Hollywood Actors Say, Don't Hide Your Light

by Allie Martin

(AgapePress) - Two high-profile Christians on the West Coast, one a Hollywood actor, the other a former actor and now a politician, see their roles as an opportunity to exhibit their faith and be a positive influence on the culture surrounding their professions.

Popular actor Kirk Cameron says now more than ever, Hollywood needs to be influenced and impacted by Christians. Cameron is best known by television audiences for his work on the comedy series Growing Pains in the 1980s.

"So many Christians, understandably so, want to just run away from Hollywood and throw their TV out the window, which I personally feel like doing most of the time," Cameron says.

But the actor says abandoning the medium of television would be the equivalent of handing a powerful tool over to the enemy. "I feel that instead of abandoning the very vehicle that is influencing and shaping our culture, if we can become a part of it, do excellent work within it, and use it to bring good things to people and messages that are going to improve and uplift them, let's make use of it," he says.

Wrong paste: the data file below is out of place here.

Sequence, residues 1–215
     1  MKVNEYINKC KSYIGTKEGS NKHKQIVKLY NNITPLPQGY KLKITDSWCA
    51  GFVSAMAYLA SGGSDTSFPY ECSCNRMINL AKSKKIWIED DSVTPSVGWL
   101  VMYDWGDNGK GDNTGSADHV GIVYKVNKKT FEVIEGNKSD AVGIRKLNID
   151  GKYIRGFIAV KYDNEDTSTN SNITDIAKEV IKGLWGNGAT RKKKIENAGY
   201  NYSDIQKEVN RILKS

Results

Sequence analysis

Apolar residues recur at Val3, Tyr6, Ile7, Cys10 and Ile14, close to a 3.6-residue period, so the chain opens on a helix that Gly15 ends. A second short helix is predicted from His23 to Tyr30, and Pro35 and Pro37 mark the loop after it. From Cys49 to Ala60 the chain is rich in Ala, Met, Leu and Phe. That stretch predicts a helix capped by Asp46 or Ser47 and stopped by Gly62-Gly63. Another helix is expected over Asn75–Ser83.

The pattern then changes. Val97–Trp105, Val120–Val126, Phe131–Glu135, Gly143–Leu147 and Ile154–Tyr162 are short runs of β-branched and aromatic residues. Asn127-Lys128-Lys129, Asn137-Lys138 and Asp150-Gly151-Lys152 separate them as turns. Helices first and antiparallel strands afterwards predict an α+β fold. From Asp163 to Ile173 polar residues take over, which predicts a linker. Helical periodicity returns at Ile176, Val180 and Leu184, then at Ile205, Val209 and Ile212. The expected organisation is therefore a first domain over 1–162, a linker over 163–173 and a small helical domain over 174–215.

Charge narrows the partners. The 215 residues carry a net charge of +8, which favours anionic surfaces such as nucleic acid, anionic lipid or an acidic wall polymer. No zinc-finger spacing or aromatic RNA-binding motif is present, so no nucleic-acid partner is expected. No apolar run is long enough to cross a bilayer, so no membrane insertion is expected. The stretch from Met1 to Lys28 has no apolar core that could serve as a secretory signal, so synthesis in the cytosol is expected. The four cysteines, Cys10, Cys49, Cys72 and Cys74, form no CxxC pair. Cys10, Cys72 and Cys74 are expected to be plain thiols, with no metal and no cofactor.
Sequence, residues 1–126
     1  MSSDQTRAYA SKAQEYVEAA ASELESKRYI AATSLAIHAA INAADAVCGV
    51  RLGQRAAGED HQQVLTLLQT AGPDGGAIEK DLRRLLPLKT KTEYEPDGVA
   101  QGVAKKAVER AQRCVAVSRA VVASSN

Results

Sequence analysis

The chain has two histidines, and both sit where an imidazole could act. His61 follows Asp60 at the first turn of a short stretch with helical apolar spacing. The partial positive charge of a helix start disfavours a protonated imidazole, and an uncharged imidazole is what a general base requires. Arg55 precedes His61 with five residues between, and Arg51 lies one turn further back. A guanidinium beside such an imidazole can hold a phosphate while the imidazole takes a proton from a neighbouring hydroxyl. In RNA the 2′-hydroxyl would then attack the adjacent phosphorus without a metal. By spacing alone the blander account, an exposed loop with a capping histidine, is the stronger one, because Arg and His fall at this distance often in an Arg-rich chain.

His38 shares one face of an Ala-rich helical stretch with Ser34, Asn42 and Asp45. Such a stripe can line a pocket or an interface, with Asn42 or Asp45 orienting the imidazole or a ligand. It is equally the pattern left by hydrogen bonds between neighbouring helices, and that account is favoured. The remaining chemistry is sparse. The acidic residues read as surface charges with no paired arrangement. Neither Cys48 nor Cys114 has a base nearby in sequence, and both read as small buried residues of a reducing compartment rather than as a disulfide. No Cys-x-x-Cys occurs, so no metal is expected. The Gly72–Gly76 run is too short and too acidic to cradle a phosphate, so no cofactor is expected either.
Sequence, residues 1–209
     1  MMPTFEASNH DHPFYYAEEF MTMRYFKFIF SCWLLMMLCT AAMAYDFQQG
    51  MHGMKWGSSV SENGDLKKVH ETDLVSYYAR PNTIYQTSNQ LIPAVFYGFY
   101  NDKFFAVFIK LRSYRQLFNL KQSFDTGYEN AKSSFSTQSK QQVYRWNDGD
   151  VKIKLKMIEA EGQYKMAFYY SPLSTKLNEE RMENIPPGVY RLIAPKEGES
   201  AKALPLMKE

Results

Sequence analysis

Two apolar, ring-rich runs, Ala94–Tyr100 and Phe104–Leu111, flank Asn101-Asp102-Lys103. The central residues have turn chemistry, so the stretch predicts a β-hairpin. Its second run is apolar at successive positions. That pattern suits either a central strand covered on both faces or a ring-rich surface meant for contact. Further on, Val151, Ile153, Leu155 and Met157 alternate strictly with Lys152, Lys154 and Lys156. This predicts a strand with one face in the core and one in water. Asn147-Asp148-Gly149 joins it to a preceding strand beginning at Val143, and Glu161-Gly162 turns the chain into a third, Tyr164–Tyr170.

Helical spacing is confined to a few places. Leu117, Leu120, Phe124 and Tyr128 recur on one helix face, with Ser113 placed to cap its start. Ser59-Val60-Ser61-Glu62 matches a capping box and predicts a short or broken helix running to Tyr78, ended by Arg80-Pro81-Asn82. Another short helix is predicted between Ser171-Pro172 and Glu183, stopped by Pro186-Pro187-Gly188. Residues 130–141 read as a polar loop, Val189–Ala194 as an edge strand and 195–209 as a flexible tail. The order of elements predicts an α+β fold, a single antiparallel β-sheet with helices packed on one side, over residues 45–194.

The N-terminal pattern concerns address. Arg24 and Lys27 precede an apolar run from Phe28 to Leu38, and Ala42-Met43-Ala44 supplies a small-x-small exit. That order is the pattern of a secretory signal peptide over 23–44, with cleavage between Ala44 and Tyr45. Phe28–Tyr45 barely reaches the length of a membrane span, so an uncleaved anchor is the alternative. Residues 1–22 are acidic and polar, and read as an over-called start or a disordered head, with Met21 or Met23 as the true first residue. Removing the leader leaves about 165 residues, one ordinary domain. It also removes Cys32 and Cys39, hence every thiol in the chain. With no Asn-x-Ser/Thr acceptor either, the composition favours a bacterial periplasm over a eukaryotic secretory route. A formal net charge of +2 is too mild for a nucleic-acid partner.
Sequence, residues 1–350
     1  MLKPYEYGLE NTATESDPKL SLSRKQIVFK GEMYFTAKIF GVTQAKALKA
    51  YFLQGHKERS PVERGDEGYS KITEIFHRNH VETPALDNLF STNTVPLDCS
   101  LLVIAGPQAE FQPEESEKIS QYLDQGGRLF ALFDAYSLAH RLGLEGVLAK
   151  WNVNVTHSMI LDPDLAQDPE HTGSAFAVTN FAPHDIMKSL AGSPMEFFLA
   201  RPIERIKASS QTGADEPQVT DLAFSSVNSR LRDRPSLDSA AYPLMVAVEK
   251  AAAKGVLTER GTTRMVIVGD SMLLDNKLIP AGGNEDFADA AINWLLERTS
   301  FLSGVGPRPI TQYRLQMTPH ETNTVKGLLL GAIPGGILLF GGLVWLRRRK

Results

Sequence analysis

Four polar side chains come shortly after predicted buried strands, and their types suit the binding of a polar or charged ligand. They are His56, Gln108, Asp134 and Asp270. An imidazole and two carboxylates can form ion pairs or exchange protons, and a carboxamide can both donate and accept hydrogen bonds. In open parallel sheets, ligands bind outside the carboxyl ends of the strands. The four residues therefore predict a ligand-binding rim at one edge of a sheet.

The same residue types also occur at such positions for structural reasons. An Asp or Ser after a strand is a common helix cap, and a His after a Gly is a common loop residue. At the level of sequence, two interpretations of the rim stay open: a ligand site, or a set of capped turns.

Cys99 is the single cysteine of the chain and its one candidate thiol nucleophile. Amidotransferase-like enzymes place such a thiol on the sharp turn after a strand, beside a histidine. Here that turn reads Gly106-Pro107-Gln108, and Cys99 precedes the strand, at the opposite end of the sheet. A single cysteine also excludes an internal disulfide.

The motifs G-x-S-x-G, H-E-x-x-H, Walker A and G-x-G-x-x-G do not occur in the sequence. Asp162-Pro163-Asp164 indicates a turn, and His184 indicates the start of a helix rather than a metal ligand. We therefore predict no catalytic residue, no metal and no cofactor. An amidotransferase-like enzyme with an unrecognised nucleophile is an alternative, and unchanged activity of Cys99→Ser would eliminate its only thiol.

Cameron and evangelist Ray Comfort run a ministry called Living Waters, which equips believers to share the gospel with unbelievers.

Alan Autry, a former professional football player who is now mayor of a California city, is using his popularity from the gridiron and the big screen to share the gospel.

Autry was elected mayor of Fresno three years ago. He played police officer Bubba Skinner on the series In the Heat of the Night, and before that was a second-string quarterback for the Green Bay Packers in the 1970s.

Autry says Christians can learn from Jesus when it comes to making an impact in Hollywood. He notes that Jesus communicated who He was through His disciples and did not remove Himself from His environment.

"[Jesus] was in a very hostile environment, even in His own hometown He wasn't welcome," Autry observes. "But He didn't remove Himself and just go off, He was God [and] He could have. I think that's a good model for us as Christians, whether it be in politics [or] in the movie industry."

Autry runs a Christian-based workshop for actors through his studio known as Dirt Road Productions.

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